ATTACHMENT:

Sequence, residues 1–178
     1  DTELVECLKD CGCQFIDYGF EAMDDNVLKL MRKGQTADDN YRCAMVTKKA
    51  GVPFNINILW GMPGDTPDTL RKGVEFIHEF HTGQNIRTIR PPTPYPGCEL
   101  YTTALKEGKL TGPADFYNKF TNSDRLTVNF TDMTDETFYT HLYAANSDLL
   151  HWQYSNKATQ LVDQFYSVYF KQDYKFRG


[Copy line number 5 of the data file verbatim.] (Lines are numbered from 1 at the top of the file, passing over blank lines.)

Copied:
   151  HWQYSNKATQ LVDQFYSVYF KQDYKFRG